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Hansel Burley Texas Tech University

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Dr. Burley is a professor of educational psychology. His research focus includes college access, diversity, and resilience in youth. Recently he has served as the evaluator for multiple STEM projects.

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Terrance Denard Youngblood Texas Tech University

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Terrance D. Youngblood is a doctoral student in Educational Psychology at Texas Tech University, specializing in the effective evaluation and assessment of educational outreach programs and workforce development.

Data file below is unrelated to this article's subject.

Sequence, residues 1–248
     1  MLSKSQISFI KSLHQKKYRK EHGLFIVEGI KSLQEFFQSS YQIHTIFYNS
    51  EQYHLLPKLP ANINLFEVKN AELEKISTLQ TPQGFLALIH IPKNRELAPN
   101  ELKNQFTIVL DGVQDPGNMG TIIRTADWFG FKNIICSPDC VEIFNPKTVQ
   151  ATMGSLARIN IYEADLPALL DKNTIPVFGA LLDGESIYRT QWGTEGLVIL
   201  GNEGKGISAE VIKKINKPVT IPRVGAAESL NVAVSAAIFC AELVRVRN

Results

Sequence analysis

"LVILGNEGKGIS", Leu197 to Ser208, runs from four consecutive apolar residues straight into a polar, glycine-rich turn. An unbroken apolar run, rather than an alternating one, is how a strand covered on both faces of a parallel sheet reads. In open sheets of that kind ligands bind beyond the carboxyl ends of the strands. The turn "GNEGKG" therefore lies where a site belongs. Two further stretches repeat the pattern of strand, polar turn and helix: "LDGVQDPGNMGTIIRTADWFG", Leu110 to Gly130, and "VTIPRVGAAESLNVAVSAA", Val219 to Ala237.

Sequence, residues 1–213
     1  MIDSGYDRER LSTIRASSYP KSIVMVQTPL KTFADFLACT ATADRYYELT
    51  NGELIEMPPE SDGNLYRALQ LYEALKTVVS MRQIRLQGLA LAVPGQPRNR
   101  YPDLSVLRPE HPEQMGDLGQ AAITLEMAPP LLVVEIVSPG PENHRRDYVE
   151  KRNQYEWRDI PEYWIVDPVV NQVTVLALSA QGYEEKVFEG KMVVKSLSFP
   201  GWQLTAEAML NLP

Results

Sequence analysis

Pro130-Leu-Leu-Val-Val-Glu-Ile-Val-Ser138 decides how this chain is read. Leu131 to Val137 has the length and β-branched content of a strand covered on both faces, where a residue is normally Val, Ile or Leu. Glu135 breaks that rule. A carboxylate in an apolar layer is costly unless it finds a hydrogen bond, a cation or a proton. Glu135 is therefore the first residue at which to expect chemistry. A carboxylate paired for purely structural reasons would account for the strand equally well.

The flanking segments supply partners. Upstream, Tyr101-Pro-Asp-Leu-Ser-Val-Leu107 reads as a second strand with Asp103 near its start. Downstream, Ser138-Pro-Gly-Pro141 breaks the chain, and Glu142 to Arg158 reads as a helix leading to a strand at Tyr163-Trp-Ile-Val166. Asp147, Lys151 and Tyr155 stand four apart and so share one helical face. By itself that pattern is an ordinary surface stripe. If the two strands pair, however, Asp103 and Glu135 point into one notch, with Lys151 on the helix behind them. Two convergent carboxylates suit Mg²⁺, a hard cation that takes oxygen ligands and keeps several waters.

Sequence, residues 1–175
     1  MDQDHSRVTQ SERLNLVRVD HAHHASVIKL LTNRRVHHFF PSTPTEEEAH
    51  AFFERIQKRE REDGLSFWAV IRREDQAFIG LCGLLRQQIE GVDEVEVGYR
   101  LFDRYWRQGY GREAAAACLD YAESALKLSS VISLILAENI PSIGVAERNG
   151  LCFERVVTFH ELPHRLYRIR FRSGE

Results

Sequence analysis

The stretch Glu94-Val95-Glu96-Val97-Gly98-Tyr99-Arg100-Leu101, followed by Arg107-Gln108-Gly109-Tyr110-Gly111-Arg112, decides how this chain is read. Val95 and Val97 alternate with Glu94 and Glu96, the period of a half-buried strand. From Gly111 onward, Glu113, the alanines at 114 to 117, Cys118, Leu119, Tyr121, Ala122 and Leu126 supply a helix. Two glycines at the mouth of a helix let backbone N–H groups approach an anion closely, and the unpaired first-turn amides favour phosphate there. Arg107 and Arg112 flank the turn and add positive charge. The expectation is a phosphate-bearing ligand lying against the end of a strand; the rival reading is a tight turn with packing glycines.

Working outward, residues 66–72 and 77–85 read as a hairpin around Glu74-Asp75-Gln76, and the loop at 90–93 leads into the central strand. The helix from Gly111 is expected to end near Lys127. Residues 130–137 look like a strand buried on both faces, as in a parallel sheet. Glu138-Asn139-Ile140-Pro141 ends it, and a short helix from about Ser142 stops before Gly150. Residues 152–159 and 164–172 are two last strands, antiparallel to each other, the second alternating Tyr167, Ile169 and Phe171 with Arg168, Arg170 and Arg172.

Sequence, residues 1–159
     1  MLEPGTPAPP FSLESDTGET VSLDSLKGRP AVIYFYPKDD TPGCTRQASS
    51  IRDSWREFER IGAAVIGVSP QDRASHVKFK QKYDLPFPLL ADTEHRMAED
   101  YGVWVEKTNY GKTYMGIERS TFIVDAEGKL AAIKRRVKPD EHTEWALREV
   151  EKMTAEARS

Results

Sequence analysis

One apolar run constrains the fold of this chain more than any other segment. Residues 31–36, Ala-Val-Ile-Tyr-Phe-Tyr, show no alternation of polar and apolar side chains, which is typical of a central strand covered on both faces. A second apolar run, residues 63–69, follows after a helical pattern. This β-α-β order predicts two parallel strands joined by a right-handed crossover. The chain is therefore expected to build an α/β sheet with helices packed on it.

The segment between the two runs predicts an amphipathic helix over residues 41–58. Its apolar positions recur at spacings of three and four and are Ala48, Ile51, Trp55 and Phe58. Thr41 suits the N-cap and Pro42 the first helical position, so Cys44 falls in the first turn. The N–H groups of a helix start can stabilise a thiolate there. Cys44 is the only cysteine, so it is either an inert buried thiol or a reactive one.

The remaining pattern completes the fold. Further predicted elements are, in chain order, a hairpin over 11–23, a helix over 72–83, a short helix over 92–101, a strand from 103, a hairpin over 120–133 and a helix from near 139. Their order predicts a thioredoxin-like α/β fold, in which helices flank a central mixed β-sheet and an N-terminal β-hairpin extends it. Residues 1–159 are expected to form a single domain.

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Casey Michael Williams Texas Tech University

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I am currently a second year PhD student in educational psychology. I spent 2 years teaching environmental science, chemistry and biology to high school students in Kansas City through Teach For America. My interests lie with designing educational initiatives that highlight the importance of STEM education for the future of learning and motivation.

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Abstract